About this time last year, I was hatching plans that would be worthy of the effort that Mysha (of Remington Avenue) would pour into her session. This girl does NOTHING half way, if you follow Mysha on Instagram (@remingtonavenue), or read her blog www.remingtonavenue.com, you’ll understand what I mean. She seems to have boundless energy for big home projects and has made her home a work of art, room by room. I wanted to dream up something to go with the vision she had for her brand, so the session needed to be different and stand out. Sooo….I pitched the idea of taking the Snowbird gondola up to one of the highest points of Utah mid-January, knowing she’d have toddlers in tow and might be in heels. Sound crazy? Probably, but with proper planning and a client willing to put in the work, I knew I could make it work. I scouted the location out while skiing; evaluating light, accessibility, and how to manage the cold. There is a lodge there, so we could take breaks and warm up, we could shoot right where the gondola lets off with a gorgeous view, and I knew I could make the light work with my assistant holding the reflector. Lighting under those conditions is TRICKY, I’ll share some thoughts on that as well. Here’s a few things that made this shoot possible:
- We stayed flexible on shoot dates. I knew this session would be jaw dropping if we could get a bluebird day, really sunny and super blue skies with almost no clouds, The weather changes on a dime up there, so if we started driving up there on a semi-cloudy day, it could be a blizzard before we even reached the gondola. So we chose a tentative day, knowing we may need to reschedule. I also used the live weather camera online to check on the weather at the ski resort, because with my job I’ve learned not to trust the weather man.
- I brought hand warmers! It was maybe 10-20 degrees at best and windy, so having hand warmers bought me a few extra minutes with the littlest tot.
- Mysha brought a helper. She knew the kids probably wouldn’t last, so when they were tired out (aka couldn’t feel any fingers) I could spend some time with her and her hubby while the kids warmed up.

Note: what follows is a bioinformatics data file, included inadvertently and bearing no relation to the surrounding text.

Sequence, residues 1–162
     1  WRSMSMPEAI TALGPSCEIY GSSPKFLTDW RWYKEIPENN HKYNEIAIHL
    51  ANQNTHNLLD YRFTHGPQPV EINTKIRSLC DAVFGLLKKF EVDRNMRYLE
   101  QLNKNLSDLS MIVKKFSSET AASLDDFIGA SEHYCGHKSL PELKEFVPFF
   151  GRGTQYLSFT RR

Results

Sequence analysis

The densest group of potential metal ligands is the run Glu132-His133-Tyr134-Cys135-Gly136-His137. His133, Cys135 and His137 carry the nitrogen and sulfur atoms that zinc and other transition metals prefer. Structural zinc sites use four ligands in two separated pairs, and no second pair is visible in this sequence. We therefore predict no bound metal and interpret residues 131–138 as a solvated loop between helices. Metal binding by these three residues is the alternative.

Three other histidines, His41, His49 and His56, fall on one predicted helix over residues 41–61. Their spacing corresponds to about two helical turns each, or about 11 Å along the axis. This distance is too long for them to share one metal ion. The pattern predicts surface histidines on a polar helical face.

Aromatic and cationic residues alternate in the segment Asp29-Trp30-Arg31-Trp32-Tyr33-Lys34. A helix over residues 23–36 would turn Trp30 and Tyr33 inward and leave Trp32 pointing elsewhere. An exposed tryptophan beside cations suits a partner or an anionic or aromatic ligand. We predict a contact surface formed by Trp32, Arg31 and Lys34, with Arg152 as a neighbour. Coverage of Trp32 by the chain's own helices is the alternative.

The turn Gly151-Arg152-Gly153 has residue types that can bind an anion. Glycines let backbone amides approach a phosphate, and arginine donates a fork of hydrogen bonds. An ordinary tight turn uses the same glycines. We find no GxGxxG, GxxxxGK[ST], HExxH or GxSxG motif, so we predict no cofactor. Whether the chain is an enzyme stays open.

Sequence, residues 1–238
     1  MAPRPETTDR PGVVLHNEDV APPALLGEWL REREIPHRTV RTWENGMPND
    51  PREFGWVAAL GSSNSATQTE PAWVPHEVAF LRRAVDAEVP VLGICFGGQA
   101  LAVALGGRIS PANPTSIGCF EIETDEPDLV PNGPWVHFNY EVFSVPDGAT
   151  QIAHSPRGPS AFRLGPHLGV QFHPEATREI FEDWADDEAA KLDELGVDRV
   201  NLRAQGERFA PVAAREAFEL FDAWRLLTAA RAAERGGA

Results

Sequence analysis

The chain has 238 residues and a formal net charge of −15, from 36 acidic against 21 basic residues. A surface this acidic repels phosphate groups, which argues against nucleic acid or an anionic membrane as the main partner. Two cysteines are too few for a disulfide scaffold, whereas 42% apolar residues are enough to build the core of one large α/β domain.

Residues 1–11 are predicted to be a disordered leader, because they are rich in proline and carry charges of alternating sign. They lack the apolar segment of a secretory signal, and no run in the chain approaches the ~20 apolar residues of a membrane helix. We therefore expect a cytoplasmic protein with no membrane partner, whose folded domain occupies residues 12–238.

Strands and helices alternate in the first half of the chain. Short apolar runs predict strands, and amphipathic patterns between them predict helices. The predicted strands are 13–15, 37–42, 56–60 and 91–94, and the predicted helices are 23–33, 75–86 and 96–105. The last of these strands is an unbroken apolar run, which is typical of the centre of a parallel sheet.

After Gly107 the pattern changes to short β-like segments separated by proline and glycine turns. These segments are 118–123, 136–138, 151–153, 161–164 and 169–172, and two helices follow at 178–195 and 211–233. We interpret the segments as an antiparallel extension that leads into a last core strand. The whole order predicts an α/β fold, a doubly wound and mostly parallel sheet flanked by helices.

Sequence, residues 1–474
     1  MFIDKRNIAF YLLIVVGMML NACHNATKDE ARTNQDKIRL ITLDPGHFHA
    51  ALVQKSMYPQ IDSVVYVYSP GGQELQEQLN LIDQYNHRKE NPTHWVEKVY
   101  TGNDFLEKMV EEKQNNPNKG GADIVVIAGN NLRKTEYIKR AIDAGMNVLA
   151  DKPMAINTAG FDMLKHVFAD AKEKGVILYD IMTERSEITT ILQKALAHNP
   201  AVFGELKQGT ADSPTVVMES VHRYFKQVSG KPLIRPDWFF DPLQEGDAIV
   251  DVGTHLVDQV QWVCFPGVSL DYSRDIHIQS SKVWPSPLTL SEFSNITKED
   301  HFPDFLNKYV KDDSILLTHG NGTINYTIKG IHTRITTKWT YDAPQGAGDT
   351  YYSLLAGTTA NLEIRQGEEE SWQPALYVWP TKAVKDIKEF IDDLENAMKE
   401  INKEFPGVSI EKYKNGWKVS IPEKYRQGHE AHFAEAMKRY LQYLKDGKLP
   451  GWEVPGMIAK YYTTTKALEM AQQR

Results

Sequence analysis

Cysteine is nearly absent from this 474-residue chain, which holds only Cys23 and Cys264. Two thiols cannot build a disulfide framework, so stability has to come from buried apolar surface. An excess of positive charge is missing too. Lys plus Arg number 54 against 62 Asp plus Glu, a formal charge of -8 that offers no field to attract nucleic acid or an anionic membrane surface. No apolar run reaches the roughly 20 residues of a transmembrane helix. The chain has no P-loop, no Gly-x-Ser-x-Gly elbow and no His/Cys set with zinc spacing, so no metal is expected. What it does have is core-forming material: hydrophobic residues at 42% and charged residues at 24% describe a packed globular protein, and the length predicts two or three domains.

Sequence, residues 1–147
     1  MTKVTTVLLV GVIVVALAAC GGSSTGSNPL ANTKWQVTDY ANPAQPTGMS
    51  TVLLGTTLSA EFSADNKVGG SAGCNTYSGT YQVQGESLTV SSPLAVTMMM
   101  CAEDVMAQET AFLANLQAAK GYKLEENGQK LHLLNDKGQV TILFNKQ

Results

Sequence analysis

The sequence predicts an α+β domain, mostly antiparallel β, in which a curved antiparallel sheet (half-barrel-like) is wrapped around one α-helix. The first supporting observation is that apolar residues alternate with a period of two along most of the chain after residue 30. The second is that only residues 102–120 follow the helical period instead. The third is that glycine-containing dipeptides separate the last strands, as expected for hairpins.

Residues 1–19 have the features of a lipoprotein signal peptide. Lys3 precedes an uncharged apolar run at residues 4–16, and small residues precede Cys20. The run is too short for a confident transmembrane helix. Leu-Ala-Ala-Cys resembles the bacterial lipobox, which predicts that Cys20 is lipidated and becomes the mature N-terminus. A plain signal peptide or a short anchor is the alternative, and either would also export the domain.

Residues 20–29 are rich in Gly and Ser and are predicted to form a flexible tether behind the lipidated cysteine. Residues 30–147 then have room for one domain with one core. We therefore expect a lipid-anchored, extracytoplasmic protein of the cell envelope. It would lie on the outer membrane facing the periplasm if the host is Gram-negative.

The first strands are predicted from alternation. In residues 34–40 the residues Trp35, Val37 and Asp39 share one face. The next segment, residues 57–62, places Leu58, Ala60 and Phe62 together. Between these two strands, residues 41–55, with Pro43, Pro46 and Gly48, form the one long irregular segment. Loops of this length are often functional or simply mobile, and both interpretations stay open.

- I brought an assistant with a huge reflector. You have to shoot with the sun high in the sky, because you have to finish shooting before the gondola closes. The snow acts as a natural reflector but it’s not enough to compensate for the harshness of the light that time of day. The combination of both was just right. Just make sure whoever you bring has a STRONG GRIP (and a strong desire to hold on, lol), that reflector could have blown off the mountain several times and holding on to it creates enough pull to drag you a few feet. Luckily I had Hannah of @Hannahminerphoto with me who knows how to work a reflector and despite her petite frame, had a death grip on my reflector.
- To get that super classic everyone-looking-and-smiling image, I scouted a spot at the base where we weren’t freezing and being blown around to grab that shot at the end.
- We felt comfortable standing out. The gondola unloads right where you have to shoot, and you can imagine with their family dressed nicely, plus a big reflector and me holding a giant camera, we turned a few heads to say the least! I was so focused though, I couldn’t have cared less what anyone was thinking.
This shoot was a high-risk/high-reward type of shoot. But with proper planning and experience, I was confident we could make it happen. So take a look at these, all the planning and effort paid off. You’ll recognize a couple of these from the header of my website.
ALL images are the property of Lexi Rae Photography and Remington Avenue and may not be used without express permission from both parties. (i.e. don’t be lame and steal my images, thank you!!)
Utah Family Photographer
Utah County, Salt Lake City, UT
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